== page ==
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Spamcop SCBL

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    SpamCop is the premier web-based service for reporting and blocking spam. They process millions of spam complaints a day and are supported by hundreds of thousands of users, a knowledgeable volunteer community, and a professional staff. The data processed daily is used to maintain SpamCop Blocking List (SCBL). The SpamCop Blocking List offers service providers and other email administrators an automated tool to filter out aggressively spam from an email network

    SpamCop is part of Cisco's Security Intelligence at Talos.



    Impact happens on an IP level and can impact the delivery of traffic. The listings are time-based and are usually removed after the last spam trap hit. Time can vary depending on the severity of spamming.


    Listing Reason

    IPs are listed for

    • SpamCop users direct spam complaints
    • SpamCop’s spam trap hits
    • Misdirected bounces or autoresponse emails
    • An open relay or proxy


    Mitigation Process

    An IP will automatically be removed in 24 hours after the last spam hit. Spamcop does allow you to submit a dispute for removal directly on their site. Prior to submitting the request, they do ask you to review your system for these possible problems:

    • Trojan/Virus infestations or script exploits
    • Misdirected delayed bounces and auto-responders
    • SMTP AUTH insecurity


    SCBL Rules

    This is how the system currently operates based on these rules:

    • SCBL lists IP addresses with a large number of reports relative to reputation points. The SpamCop team manually balances the threshold in an effort to make the list as accurate as possible.
    • The SCBL weights reports depending on how recently the mail was received (or "freshness"):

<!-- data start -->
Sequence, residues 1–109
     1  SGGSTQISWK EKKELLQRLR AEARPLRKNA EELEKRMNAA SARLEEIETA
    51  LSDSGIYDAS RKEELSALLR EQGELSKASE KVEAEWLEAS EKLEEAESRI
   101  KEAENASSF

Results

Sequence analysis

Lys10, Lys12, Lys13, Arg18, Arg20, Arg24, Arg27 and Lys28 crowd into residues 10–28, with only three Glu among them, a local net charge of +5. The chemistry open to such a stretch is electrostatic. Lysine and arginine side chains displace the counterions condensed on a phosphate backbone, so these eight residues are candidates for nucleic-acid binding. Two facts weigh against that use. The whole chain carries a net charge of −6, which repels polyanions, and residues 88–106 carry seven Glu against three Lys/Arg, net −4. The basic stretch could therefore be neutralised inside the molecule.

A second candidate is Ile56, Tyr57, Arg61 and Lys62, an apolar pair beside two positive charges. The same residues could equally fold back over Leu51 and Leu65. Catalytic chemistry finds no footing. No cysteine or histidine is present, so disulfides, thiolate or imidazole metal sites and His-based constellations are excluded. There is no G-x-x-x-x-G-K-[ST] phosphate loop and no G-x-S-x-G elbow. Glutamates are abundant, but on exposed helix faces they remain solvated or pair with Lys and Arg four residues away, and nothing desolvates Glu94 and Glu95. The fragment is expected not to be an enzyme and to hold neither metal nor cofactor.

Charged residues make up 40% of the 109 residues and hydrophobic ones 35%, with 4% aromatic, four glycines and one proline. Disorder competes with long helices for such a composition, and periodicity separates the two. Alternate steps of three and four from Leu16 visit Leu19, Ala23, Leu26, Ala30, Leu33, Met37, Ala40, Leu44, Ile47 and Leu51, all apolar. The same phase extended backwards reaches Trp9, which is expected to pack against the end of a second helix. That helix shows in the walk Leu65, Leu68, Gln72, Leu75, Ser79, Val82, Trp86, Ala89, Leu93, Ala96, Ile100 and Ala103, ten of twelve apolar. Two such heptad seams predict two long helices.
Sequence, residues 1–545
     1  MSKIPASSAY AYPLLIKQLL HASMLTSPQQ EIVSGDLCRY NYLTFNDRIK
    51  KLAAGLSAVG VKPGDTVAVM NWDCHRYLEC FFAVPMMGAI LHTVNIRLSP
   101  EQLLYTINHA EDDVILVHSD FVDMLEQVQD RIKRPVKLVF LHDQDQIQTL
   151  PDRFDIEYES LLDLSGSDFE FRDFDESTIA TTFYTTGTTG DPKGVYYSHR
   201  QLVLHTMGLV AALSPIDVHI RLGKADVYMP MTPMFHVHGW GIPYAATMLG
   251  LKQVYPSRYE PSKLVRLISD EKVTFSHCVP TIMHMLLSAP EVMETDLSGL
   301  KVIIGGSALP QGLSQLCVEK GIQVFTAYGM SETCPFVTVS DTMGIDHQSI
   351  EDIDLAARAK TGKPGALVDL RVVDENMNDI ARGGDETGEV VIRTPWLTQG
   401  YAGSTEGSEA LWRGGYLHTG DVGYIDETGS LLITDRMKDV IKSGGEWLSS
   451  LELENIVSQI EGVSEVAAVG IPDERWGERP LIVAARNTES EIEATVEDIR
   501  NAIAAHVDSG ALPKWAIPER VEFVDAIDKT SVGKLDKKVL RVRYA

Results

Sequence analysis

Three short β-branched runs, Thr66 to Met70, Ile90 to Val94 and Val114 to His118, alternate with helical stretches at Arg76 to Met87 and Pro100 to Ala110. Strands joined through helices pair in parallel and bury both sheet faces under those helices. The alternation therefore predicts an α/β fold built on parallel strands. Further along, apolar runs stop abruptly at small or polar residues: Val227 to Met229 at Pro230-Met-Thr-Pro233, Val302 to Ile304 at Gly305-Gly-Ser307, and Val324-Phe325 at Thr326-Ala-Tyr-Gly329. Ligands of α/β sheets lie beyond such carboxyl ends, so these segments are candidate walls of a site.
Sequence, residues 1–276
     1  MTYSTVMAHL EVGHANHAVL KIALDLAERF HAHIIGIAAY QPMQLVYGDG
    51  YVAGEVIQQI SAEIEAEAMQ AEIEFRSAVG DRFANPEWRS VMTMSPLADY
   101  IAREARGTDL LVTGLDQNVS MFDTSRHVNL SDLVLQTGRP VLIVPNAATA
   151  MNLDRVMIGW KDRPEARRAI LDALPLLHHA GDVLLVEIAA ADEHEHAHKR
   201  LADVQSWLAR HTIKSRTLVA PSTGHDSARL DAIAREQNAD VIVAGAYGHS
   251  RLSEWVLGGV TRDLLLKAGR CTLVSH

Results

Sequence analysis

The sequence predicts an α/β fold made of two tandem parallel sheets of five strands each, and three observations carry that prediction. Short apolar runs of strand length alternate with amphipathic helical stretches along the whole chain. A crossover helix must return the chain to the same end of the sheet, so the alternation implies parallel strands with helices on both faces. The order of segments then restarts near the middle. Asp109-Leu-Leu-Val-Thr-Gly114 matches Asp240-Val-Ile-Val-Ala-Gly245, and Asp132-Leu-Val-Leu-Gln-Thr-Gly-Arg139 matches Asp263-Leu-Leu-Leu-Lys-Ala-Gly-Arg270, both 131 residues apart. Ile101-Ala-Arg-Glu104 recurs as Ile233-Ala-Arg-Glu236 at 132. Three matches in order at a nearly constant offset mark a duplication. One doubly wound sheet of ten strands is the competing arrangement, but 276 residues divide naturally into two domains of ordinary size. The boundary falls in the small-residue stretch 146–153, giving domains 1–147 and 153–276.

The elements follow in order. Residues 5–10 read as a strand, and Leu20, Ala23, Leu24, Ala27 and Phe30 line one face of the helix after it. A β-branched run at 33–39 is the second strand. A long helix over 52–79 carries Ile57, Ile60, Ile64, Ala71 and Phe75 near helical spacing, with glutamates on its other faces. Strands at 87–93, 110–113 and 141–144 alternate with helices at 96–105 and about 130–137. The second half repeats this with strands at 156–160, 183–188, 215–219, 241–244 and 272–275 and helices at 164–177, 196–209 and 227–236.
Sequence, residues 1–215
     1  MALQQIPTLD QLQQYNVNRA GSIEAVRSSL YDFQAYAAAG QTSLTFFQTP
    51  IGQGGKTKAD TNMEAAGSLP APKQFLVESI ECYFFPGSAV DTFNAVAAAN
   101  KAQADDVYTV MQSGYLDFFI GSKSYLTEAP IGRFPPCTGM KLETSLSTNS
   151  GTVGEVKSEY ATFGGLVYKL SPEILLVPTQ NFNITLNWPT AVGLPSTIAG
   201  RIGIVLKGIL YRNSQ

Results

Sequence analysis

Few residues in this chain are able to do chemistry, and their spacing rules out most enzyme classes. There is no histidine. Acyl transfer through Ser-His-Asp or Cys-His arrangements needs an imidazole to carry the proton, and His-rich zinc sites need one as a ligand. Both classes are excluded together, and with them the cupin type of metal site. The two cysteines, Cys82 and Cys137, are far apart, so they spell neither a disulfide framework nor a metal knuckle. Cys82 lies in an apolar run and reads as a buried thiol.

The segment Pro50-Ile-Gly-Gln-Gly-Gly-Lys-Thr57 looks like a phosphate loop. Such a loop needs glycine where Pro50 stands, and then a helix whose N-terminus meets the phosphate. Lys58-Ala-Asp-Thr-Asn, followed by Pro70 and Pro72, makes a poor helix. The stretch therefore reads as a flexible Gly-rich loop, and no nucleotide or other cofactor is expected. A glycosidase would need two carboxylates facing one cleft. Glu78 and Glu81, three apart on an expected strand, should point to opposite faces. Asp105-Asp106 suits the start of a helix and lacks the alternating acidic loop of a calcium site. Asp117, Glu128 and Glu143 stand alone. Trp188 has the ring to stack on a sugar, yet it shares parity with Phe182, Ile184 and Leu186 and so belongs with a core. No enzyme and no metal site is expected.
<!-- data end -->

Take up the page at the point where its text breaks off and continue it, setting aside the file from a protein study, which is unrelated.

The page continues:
• The SCBL counts the most recently received reports 4:1.
      • The SCBL counts reports for email 48 hours and older 1:1, with a linear sliding scale between the most recent and 48 hours past.
      • The SCBL ignores reports for email received more than one week ago.
    • The SCBL uses Spamtrap reports to weight total reports. For spamtrap scores less than 6, the SCBL multiplies by 5 the quantity of spamtrap reports and adds this to the report score. For larger spamtrap scores, the SCBL squares the quantity. Examples:
      • If an IP address has 2 spamtrap reports and 3 SpamCop user-reported reports, its weighted score is 13: (2 * 5) + 3 = 13.
      • If a host has 7 spamtrap reports and 3 manual reports, its weighted score is 52: (7 * 7) + 3 = 52.
    • The SCBL does not count reports regarding URLs or addresses in the body of the email. Therefore, the SCBL does not list websites or email addresses used to receive replies in reported email, unless that IP is also used to send the mail.
    • The SCBL will not list an IP address with only one report filed.
    • With only two reports against an IP address, the SCBL will list the IP address for a maximum of 12 hours after the most recent reported mail was sent.
    • The SCBL will not list an IP address if there are no reports against it within 24 hours.
    • If a server sends bounces to an SCBL spamtrap in sufficient quantity to meet the listing criteria, the SCBL will list that server. This situation results as some mailservers do not reject mail during the SMTP transaction, but rather accept the mail and then send a bounce message later. (These servers usually run qmail or postfix). Viruses and spam often contain a forged From: line. If email is rejected or blocked during the SMTP transaction, the bounce will go to the connecting IP. If the bounce comes after the mail is accepted for delivery, then the bounce will go to the address in the From: field. Viruses and spam often use addresses from the list of recipients to populate the From: field. Sometimes, these addresses are spamtraps.


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